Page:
Collection

New England Schoolmaster's teaching book, 1787-1811

1 volume

In this book, a traveling New England schoolteacher recorded instructional exercises, instructional explanations, poetry, and biographical information about pupils. The author taught in New Hampshire and present-day Maine. Subjects of instruction include arithmetic, surveying, geometry, nautical navigation, and writing.

A traveling New England schoolteacher recorded instructional exercises, instructional explanations, poetry, and biographical information about pupils in this volume (220 pages, 8" x 12") between 1787 and 1811. The author taught in New Hampshire and present-day Maine and entered personal information about teaching appointments throughout the volume. Individual lessons are dated as early as 1787, and the volume includes several lists of male and female pupils from teaching engagements in various towns, dated as late as 1811. Some lists of students are accompanied by the students' birthdates. Classes convened in schoolhouses, other public structures, and private homes.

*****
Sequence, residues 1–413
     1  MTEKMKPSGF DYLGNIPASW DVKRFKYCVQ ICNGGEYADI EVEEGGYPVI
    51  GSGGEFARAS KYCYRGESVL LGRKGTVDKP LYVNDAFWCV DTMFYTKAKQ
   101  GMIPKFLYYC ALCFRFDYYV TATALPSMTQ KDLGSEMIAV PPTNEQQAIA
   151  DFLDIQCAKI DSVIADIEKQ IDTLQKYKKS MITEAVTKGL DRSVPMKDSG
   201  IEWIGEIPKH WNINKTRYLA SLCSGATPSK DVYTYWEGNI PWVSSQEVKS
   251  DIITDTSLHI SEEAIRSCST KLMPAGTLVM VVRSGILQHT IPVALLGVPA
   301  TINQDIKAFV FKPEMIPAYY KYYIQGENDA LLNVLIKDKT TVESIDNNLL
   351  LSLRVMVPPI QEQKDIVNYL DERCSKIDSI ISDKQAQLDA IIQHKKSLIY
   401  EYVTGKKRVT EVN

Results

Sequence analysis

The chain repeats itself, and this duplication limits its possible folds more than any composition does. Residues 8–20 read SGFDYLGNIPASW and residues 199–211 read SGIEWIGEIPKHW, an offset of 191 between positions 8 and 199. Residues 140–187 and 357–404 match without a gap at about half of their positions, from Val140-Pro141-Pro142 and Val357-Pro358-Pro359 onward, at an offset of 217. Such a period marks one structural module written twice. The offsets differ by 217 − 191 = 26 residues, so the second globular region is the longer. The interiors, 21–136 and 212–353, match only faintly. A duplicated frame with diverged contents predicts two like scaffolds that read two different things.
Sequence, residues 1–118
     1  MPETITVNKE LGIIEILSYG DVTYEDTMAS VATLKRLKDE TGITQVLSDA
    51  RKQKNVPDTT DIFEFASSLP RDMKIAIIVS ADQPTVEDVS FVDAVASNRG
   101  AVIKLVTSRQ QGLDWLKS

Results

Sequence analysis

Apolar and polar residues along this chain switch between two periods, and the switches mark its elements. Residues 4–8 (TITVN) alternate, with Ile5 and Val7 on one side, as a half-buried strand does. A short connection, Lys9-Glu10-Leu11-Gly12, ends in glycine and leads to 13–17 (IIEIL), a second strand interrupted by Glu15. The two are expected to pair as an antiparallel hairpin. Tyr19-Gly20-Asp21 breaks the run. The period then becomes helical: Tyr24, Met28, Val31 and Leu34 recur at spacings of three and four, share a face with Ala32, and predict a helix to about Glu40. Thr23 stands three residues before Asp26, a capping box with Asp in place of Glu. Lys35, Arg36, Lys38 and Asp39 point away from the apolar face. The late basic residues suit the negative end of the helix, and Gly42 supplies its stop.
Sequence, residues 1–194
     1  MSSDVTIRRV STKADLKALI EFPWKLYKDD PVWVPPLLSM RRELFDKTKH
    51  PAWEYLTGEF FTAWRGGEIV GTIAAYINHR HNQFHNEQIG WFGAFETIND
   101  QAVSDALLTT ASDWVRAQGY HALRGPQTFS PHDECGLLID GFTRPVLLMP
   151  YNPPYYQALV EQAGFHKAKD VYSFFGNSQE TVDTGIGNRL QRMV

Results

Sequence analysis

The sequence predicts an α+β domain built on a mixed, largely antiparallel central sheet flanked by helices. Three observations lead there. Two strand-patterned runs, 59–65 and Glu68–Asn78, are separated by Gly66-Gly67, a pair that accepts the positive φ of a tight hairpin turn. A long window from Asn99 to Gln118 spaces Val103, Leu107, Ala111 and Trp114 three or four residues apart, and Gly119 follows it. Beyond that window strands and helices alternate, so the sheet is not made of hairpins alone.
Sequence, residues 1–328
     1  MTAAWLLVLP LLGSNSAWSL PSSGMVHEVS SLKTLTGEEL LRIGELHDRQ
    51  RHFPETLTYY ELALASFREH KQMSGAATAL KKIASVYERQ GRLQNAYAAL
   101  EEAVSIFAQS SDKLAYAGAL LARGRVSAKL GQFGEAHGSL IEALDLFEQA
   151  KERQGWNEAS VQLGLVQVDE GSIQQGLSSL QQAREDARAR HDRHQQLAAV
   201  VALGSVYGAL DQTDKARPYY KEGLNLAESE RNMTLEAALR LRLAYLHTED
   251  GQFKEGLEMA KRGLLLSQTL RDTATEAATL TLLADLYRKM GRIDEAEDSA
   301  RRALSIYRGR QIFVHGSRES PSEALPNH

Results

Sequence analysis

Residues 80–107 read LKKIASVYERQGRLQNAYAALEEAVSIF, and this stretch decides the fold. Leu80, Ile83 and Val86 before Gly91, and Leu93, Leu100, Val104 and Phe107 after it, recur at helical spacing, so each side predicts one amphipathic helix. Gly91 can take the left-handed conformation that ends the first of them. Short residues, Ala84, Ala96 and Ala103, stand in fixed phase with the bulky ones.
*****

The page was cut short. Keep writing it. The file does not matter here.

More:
Each page has a subject label, and several pages are comprised of miscellaneous questions entitled "A Collection of Questions," occasionally attributed to The London Magazine. Much of the volume pertains to instruction in mathematical subjects such as algebra, geometry, and trigonometry, and it includes diagrams, examples, and practical applications. Lengthy sections are devoted to surveying and nautical navigation (including "plane-sailing"), often with many diagrams. Other sections concern subjects such as writing and history, with examples of proverbs, deeds, marriage licenses, and letters for copying. Some pages have collections of anecdotes, proverbs, and poems, usually pertaining to morality and religion. A number of lengthier poems concern death and weddings, and one is entitled "Rodgers & Victory[:] Tit for tat. Or the Chesapeake paid for in British Blood!!!" Other parts include a cure for jaundice, a "rebus," a table of symbols for astronomical objects, information about "Occult Philosophy or Magic," instructions for gauging a copper kettle and a man of war, and a list of nouns with corresponding verbs and participles. Some of the material is copied from outside sources, such as John Love's Geodesia.